SCC not the end of the road for war resisters
For most people hoping to be heard by the Supreme Court of Canada (“SCC”), the denial of leave marks the end of their legal battle. However, for the American soldiers who have fled to Canada in an attempt escape the horrors of fighting in a war with which they fundamentally disagree, the denial of leave has only changed their course. They have shifted the focus of their struggle to stay in Canada from the courts into the political arena – recently gaining the support of the Federal Parliament’s Standing Committee on Citizenship and Immigration.
The denial of leave for Jeremy Hinzman (A.K.A. Jeremy Dean Hinzman), et al. v Minister of Citizenship and Immigration was discussed by Yu-Sung Soh a few weeks ago. To briefly review, Mr. Hinzman and Brandon Hughey were appealing the denial of their claim for refugee status. They both enrolled in the U.S. military voluntarily and both decided to flee to Canada upon hearing that they were being deployed to Iraq to fight a war that they felt was immoral and illegal. Both enrolled prior to the conflict and served dutifully until notified they would be deployed to Iraq. They claimed that they would face persecution if they were returned to the United States, where they would confront the possibility of jail time for desertion. The Immigration and Refugee Board disagreed. The Federal Court and the Federal Court of Appeal upheld the board’s decision. On November 15th, their legal battle ended when they were denied leave by the SCC.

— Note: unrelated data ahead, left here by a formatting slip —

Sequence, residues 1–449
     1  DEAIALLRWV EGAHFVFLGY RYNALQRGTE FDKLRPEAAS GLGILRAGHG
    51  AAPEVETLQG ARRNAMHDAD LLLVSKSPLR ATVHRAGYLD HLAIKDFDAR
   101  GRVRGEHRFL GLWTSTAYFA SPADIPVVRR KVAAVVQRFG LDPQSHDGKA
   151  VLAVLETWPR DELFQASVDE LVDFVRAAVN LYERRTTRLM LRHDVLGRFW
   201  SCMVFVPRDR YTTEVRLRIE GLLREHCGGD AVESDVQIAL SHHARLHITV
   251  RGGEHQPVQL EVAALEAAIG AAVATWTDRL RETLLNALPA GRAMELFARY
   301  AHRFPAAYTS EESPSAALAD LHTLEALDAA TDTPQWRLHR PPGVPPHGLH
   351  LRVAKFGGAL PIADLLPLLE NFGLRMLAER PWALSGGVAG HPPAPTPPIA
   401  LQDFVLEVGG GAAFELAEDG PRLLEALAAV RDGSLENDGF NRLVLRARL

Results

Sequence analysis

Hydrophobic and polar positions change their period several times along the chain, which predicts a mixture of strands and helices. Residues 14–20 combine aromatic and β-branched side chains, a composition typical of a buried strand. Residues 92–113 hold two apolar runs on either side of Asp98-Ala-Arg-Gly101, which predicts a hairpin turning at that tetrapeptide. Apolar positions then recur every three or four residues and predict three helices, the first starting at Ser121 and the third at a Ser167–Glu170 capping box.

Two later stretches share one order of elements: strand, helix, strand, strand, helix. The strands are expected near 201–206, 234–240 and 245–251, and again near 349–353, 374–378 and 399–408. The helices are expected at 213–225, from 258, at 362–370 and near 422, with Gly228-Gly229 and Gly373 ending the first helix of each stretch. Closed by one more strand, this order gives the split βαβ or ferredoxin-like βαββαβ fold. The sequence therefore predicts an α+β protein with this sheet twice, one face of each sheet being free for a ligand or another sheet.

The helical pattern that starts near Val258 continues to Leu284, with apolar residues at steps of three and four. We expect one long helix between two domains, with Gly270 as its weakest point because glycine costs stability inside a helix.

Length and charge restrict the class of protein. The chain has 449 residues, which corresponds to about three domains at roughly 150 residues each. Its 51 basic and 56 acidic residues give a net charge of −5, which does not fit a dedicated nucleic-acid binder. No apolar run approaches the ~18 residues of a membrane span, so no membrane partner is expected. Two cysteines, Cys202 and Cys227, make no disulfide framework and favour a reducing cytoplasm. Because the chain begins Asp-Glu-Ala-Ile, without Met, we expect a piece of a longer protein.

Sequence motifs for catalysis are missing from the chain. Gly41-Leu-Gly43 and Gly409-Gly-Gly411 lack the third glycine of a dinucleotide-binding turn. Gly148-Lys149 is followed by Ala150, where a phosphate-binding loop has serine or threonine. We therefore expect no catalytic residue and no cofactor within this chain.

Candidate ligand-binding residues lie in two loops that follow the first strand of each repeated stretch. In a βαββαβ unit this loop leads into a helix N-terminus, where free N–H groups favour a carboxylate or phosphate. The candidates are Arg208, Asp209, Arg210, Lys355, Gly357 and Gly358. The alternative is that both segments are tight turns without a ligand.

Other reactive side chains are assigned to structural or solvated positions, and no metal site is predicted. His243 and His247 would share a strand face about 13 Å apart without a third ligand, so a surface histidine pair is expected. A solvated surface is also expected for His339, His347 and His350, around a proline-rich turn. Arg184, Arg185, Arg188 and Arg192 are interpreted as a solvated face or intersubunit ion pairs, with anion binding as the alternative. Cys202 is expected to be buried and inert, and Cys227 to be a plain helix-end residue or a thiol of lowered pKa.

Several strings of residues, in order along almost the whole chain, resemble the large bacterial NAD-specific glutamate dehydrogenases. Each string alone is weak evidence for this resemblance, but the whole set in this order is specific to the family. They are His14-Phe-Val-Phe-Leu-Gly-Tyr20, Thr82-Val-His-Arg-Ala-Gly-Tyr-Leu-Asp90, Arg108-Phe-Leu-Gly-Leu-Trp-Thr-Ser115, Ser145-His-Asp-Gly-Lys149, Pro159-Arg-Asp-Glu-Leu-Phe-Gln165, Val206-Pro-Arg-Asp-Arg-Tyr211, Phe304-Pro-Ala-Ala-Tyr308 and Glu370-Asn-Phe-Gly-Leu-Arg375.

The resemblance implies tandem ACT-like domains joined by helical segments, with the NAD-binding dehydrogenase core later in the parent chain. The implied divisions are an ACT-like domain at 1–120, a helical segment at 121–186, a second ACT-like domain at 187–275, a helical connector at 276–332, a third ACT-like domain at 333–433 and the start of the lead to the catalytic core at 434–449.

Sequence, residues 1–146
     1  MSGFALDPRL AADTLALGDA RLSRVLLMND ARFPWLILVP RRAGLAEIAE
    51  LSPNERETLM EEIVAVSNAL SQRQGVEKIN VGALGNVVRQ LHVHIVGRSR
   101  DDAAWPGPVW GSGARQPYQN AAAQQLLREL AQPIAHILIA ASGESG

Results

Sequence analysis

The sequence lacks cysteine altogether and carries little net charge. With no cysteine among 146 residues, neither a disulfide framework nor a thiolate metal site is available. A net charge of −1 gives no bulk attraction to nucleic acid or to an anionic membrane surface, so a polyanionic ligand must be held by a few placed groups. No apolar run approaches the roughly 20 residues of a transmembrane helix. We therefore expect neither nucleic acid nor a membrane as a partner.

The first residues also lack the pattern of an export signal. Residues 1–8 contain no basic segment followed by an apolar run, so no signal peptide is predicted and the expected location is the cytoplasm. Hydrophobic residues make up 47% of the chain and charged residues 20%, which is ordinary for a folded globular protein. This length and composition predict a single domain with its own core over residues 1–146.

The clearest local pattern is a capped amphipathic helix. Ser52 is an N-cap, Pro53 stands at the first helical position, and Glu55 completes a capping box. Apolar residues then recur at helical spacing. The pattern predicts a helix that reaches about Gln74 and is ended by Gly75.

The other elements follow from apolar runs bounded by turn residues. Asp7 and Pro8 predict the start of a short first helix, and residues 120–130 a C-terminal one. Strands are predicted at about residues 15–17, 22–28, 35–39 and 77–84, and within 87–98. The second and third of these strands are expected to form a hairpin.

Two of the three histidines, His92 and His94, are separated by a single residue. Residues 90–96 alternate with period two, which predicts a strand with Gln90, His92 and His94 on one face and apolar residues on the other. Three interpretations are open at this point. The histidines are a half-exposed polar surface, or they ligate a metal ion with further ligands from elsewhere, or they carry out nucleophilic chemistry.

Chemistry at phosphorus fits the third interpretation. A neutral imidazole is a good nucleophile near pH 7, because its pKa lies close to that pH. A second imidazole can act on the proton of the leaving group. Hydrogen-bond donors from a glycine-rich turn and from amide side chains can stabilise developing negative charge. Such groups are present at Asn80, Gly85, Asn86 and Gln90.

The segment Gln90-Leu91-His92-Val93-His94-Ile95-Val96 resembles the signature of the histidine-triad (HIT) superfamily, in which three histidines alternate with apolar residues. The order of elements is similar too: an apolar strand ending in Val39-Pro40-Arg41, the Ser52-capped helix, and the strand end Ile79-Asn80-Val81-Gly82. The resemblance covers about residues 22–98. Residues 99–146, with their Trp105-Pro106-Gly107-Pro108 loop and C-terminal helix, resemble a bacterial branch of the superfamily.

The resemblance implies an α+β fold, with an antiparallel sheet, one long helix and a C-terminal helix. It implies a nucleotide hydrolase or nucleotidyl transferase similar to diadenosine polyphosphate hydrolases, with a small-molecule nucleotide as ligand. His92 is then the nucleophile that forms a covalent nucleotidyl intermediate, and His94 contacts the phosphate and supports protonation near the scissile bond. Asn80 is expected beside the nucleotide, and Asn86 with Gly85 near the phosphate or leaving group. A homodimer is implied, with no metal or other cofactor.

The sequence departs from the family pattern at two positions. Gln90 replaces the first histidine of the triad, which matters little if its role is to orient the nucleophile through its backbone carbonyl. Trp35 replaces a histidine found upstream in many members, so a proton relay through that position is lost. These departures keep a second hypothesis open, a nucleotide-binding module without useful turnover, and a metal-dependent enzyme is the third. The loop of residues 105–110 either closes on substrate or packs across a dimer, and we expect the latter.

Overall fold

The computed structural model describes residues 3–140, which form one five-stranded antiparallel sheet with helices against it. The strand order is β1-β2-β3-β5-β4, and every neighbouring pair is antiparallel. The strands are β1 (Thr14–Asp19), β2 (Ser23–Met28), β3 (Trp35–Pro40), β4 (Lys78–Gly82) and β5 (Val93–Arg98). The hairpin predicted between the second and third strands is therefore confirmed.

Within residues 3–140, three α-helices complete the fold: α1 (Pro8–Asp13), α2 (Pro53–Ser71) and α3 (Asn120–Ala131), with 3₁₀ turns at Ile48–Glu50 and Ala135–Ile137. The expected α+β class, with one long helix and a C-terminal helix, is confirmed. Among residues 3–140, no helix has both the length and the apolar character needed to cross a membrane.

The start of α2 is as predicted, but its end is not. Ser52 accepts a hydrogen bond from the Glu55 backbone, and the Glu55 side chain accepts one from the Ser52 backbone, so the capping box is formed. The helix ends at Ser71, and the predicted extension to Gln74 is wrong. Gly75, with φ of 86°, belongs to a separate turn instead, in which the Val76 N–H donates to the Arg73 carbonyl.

Despite the denial of leave, the war resisters have persisted in their attempts to stay in Canada. On November 6th, 2007, Hinzman’s lawyer, Jeffry House, and others appeared as witnesses in front of the Standing Committee on Citizenship and Immigration. After hearing their testimony, NDP-Member Olivia Chow put forward a motion, which was later amended to read:
“The Committee recommends that the government immediately implement a program to allow conscientious objectors and their immediate family members (partners and dependents), who have refused or left military service related to a war not sanctioned by the United Nations and do not have a criminal record, to apply for permanent resident status and remain in Canada; and that the government should immediately cease any removal or deportation actions that may have already commenced against such individuals.”
The committee voted 7 to 4 in favour of the motion, with the Liberals, NDP and Bloc Quebecois all giving yeas. The 4 nays came from the all of the governing Conservatives who are on the committee.
For now, what this means for the war resisters is that the resolution will be debated in the House of Commons sometime after the new year. Considering that all opposition parties voted in favour of the resolution, it is possible in the context of the current minority government that the House of Commons will support the resolution. This will put the issue of whether war resisters will be able to escape the war by fleeing to Canada in the political spotlight – a place it has not held since the Vietnam War.
That said, even if the House of Commons does support the resolution, the final decision lies with the governing Conservatives. Despite the war resister’s persistence and potential political support that they have now demonstrated, it is unlikely that the government will upset our American neighbours by allowing the war resisters to apply for permanent residence in Canada. Nonetheless, their actions show that not all cases end with the SCC’s denial of leave.